On utopia

What is utopia?

To me, it is this:

It is talking about the things that matter most to you and maybe, maybe, someone listening to them. The hope that maybe, those things might matter to other people too. It is being able to eat and breathe and sleep in warmth. It is feeling that your life has changed exponentially for the better, even if you have nothing tangible to show for it but the love you feel for everything you’ve become.

It is building a bathtub out of a few shallow buckets when the hot water in the shower only runs for five minutes. It is washing the feet of someone you love. It is smoking a joint in the shower and holding each other and singing folk songs when no one told you that this is what fun is supposed to look like. That this is what love is supposed to look like. That this is what happiness is supposed to look like. And somehow, having more fun, being more in love, feeling happier than you ever thought you could.

It is dressing up in drag with an eyeliner beard and three sports bras to make your chest look flat, and walking around a grocery store in Orange County with a banana stuffed down your pants. It is driving to a party, where those for whom this isn’t dress up share their stories, and the people who have never felt out of home in their gender listen. It is listening. It is the drive home. It is the way it made you feel when you heard he killed himself, the feeling that if there had only been more love, then the world wouldn’t hurt so much. It is realizing you didn’t know him well, and feeling all the same. It is choosing to feel that love. To give that love. To be that love.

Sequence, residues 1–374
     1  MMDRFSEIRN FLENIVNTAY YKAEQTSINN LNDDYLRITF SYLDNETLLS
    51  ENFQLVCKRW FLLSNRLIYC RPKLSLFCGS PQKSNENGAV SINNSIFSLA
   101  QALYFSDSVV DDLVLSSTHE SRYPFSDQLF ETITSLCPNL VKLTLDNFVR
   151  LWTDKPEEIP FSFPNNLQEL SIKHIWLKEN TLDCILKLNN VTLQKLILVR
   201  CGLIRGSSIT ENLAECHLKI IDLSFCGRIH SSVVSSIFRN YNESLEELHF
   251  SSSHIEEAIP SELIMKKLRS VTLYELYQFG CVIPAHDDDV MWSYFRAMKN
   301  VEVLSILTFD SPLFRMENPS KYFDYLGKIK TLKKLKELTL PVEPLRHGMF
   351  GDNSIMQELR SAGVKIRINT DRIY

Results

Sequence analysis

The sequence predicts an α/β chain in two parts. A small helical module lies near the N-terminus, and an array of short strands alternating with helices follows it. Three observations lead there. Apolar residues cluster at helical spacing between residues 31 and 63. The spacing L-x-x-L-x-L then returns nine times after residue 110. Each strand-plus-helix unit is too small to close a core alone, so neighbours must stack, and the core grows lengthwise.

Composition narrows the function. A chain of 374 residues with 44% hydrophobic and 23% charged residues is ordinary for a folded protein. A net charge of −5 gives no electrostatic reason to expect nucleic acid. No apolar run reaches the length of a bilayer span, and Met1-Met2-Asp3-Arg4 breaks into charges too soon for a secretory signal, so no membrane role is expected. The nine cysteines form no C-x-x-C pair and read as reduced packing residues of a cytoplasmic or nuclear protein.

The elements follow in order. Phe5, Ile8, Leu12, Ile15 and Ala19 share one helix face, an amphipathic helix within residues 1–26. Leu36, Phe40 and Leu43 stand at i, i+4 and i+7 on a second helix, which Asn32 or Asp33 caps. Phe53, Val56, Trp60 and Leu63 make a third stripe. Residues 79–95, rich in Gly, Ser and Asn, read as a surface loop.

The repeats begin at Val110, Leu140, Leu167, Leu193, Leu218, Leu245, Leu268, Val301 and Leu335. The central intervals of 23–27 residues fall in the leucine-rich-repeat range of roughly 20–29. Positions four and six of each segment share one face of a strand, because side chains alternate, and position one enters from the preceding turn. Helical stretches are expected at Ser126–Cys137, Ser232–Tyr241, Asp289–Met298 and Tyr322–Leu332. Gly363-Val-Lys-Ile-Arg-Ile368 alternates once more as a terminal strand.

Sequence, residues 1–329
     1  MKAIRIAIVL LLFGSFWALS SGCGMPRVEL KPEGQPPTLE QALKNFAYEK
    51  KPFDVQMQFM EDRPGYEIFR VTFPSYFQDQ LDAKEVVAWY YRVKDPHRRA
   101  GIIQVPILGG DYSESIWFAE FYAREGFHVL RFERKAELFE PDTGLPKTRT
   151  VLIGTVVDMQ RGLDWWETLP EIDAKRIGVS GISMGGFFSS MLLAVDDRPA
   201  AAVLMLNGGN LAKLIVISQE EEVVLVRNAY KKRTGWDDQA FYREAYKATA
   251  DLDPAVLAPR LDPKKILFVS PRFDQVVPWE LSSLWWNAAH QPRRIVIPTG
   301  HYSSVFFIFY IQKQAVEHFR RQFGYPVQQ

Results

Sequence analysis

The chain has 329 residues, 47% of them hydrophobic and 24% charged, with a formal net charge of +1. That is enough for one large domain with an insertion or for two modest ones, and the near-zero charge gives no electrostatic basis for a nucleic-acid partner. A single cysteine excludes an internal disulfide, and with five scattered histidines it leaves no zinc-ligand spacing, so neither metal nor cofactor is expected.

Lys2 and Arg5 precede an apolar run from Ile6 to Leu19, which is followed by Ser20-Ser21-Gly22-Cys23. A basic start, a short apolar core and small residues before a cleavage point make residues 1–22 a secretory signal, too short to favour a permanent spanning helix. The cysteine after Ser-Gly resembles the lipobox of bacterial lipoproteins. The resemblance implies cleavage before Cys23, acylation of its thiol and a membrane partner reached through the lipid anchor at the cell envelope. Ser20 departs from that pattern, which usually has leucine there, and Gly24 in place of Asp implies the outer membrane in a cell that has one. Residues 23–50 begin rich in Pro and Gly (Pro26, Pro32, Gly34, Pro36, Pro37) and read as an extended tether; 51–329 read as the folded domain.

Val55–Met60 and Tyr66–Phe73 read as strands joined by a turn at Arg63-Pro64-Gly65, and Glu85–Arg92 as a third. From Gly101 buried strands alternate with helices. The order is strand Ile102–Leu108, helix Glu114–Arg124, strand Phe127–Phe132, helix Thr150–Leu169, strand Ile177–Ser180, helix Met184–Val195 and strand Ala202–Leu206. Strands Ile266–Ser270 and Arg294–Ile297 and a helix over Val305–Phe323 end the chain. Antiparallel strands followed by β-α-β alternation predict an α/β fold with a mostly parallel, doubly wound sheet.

It is arguing with a blonde girl about the objectivity of reality in middle school. It is getting high and going to yoga. It is the time you put on dresses and make-up and tennis shoes and cycled to crash a birthday party and forgot halfway there what you were doing. It is the first time you cried after she killed herself. It is the speech you gave at her funeral. It’s the people who listened, and listening to them. It is knowing that you all were there because you loved her, and nothing more. That you feel so much because you loved her, and nothing more. It is the chronic pain of loss. It is the time you tried to too, and after the police in your bedroom, and the hospital gown, and the tampon, and the bandages, it is your sister driving you home hours after you’d screamed at her that you never wanted to see her again. It is telling her you love her. It is thanking her. It is your mother, flying down from Sacramento and holding you and listening and never asking for an explanation.